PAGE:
Acta Phys. -Chim. Sin. ›› 2019, Vol. 35 ›› Issue (4): 378-384.doi: 10.3866/PKU.WHXB201805031

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Atomistic Understanding of the Peculiar Dissolution Behavior of Alkaline Polymer Electrolytes in Alcohol/Water Mixed Solvents

Kangjie LYU1,Yanqiu PENG1,Li XIAO1,*(),Juntao LU1,Lin ZHUANG1,2,*()   

  1. 1 Hubei Key Lab of Electrochemical Power Sources, College of Chemistry and Molecular Sciences, Wuhan 430072, P. R. China
    2 Institute for Advanced Studies, Wuhan University, Wuhan 430072, P. R. China
  • Received:2018-04-09 Published:2018-09-13
  • Contact: Li XIAO,Lin ZHUANG;
  • Supported by:
    the National Key Research and Development Program of China(2016YFB0101203);the National Natural Science Foundation of China(91545205);the National Natural Science Foundation of China(21633008)


Self-aggregated quaternary ammonium polysulfone (aQAPS) is a high-performance alkaline polymer electrolyte that has been applied in alkaline polymer electrolyte fuel cells (APEFCs). For a long time, N, N-dimethyl formamide (DMF) has been considered the best solvent to dissolve aQAPS, but the high boiling point of DMF makes it hard to remove from the electrodes, which potentially poisons the electrocatalysts. Our recent experiments have shown that although aQAPS is unable to dissolve in ethanol, n-propanol, or water, it can dissolve in the mixture of these alcohols and water. This peculiar dissolution behavior significantly facilitates the fabrication of the membrane electrode assembly (MEA) for APEFCs, even though it has not been understood. In this work, atomistic molecular dynamics (MD) simulations were employed to study the dissolution behavior of aQAPS in different solvents, including water, methanol, ethanol, n-propanol, DMF, and the mixture of these non-aqueous solvents and water. The conformation of the aQAPS chain in pure solvents agreed well with the dissolution behavior observed in the experiments, even though in the water-containing mixed solvents, the aQAPS chain tended to be in a more contracted state. The simulations further revealed that the water component in the mixed solvents played dual roles. On one hand, the hydrocarbon chain of aQAPS was compressed to a contracted state upon the addition of water, because of the hydrophobic effect. On the other hand, water can drive the dissociation of the counterion (Cl–­ ­ ­ ), which led to an enhancement in the solute-solvent interaction energy and thus facilitated the dissolution of aQAPS. In most mixed solvents, the compensation of these two interactions resulted in a general increase in the total solute-solvent interaction energy; therefore, the addition of water was energetically favorable for the dissolution of aQAPS. This study not only furthers our fundamental understanding of the dissolution behavior of polyelectrolytes but also is technologically significant for the development of better APEFCs.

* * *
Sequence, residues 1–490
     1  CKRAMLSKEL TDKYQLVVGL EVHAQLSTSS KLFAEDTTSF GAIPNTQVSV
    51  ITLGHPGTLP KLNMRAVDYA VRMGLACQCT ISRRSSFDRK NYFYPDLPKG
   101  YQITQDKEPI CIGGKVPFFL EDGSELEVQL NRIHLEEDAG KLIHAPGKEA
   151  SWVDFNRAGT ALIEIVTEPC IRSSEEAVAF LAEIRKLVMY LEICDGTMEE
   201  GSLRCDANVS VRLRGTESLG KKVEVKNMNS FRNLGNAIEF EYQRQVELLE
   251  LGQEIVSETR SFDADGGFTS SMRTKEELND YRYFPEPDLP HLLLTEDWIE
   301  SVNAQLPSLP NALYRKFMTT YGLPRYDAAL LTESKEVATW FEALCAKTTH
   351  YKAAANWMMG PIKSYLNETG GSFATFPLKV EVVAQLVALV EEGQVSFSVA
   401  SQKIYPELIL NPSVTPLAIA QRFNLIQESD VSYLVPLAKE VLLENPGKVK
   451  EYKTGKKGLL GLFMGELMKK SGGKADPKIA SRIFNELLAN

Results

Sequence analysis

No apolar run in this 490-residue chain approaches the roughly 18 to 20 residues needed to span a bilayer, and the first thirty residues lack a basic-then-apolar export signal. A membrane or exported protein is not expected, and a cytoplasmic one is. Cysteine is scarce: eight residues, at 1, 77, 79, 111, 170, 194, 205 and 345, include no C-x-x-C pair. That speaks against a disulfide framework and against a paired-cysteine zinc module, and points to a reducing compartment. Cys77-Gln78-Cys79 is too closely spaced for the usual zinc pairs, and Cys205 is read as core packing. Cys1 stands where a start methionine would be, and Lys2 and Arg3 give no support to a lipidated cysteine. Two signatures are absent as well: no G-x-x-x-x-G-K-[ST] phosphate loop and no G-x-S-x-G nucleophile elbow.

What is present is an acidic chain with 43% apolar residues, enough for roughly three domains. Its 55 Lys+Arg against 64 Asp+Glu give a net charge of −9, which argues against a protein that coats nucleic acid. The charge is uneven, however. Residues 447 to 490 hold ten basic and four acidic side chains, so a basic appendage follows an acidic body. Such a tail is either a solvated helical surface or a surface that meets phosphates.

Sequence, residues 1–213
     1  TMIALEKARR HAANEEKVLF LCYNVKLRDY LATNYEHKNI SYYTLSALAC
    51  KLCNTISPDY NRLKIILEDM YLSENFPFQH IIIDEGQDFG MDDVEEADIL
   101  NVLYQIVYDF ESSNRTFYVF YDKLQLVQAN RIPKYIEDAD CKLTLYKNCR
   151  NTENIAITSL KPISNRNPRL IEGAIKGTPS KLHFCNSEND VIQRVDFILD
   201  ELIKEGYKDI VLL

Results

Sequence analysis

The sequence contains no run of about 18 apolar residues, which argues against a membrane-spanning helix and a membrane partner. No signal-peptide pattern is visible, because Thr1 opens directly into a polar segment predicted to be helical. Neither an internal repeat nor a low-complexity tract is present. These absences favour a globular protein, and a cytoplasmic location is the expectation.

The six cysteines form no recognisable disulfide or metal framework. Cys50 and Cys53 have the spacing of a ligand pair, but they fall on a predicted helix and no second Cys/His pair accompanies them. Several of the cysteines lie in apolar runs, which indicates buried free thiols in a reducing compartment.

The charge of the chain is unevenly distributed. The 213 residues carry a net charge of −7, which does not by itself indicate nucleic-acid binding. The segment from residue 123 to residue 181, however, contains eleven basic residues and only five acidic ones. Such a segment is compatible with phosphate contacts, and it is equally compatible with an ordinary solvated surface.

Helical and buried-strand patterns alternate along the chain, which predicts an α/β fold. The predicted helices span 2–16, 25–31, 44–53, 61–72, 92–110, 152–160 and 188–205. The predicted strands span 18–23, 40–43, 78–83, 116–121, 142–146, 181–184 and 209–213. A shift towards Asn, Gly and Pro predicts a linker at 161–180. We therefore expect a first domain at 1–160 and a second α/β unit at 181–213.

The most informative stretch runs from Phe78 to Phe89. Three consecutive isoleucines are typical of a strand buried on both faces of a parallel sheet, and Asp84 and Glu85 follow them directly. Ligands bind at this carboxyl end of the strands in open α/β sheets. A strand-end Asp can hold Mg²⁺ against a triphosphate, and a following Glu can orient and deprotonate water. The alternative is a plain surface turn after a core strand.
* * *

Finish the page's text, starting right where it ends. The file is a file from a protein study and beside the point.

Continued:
Key words: Alkaline polymer electrolyte, Dissolution, Alcohol/water mixed solvents, Molecular dynamics simulation